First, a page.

Sometime near the beginning of August the surprisingly versatile culture blog, Loose Lips, hooked me up with a screener of 808, the documentary from Arthur Baker, looking at the Roland TR-808. Full of unexpected talking heads and computer love, it is definitely worth checking out if you have the chance.
Here is a little steganographic review of 808 extracted from my neural noise.
I’ve never seen Mr Show before. Now I have, and now you can too. It turns out that Netflix will be bringing this back next month, 20 years after it first ran with Bob Odenkirk and David Cross. Which is nice.
I loved reading about the Antikythera Mechanism years ago in the flawed but interesting Fingerprints Of The Gods written by Graham Hancock. A recent post from the Smithsonian piqued my interest and suggests that the clock had gears which represented all the visible planets. Check out the article over at the Smithsonian Online.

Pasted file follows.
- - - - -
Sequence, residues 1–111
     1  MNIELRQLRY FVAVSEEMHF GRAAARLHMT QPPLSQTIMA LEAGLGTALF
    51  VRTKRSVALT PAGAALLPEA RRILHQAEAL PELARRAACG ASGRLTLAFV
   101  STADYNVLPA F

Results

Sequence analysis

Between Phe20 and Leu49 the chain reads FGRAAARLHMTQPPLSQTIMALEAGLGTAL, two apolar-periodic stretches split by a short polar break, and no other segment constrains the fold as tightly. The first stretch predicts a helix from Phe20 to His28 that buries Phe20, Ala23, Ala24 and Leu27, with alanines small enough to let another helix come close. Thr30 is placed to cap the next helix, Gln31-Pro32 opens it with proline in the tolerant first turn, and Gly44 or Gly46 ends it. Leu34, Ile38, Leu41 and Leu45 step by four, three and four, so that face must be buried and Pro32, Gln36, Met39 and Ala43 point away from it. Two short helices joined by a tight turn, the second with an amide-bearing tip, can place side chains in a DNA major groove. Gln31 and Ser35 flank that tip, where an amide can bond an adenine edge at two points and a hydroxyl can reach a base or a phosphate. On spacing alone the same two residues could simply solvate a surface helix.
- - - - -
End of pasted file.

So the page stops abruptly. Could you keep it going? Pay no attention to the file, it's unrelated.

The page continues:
The last thirty years have seen computer games move from pixellated bats intercepting juddering phosphorescent squares to the hyper-realistic GPU powered content found on the current generation Xbox or Playstation. Somewhere near the beginning of this timeline, a young gamer, used to the garishly coloured sprites of the Spectrum and creme coloured chassis of the BBC Micro was walking through an anonymous Red Brick Council Estate. His destination, an erstwhile peer’s bungalow and onwards onto a pub that they were both way too young to actually be allowed into. Invited into the friend’s room, the gamer saw a smooth black square attached to a tiny TV on a desk. The occupier of the room had been lucky enough to be an early adopter of the Sega Mega Drive.